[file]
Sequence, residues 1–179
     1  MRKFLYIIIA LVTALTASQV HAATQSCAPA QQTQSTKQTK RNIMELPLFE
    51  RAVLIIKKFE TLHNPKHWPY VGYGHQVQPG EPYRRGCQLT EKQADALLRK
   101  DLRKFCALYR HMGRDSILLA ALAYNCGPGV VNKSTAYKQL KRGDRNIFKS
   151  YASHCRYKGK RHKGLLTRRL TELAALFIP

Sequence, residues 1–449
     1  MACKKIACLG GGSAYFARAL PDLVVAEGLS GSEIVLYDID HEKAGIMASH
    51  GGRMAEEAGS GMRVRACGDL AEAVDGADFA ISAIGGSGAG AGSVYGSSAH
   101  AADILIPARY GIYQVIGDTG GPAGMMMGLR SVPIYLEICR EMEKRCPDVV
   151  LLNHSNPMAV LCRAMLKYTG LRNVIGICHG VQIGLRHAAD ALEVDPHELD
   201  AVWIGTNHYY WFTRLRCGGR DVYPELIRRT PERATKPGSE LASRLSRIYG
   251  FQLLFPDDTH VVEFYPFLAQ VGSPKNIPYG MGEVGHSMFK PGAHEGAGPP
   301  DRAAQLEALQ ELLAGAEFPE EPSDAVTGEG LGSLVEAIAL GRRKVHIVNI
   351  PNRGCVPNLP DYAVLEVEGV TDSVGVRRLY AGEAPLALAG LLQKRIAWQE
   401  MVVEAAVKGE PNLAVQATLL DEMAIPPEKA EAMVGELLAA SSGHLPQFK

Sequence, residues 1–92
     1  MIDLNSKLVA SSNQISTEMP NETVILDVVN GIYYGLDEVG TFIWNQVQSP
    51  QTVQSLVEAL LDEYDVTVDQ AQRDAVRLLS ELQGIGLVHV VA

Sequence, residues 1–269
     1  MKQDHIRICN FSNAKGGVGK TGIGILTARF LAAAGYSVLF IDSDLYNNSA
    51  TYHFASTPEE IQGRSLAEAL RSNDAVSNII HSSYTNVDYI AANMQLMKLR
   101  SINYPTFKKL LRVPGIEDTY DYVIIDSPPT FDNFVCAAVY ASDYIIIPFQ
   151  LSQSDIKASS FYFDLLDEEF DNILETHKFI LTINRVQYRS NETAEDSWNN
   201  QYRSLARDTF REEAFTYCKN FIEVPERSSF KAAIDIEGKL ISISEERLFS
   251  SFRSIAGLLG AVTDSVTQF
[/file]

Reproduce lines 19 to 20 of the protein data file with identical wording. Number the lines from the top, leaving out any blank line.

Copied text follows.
Sequence, residues 1–269
     1  MKQDHIRICN FSNAKGGVGK TGIGILTARF LAAAGYSVLF IDSDLYNNSA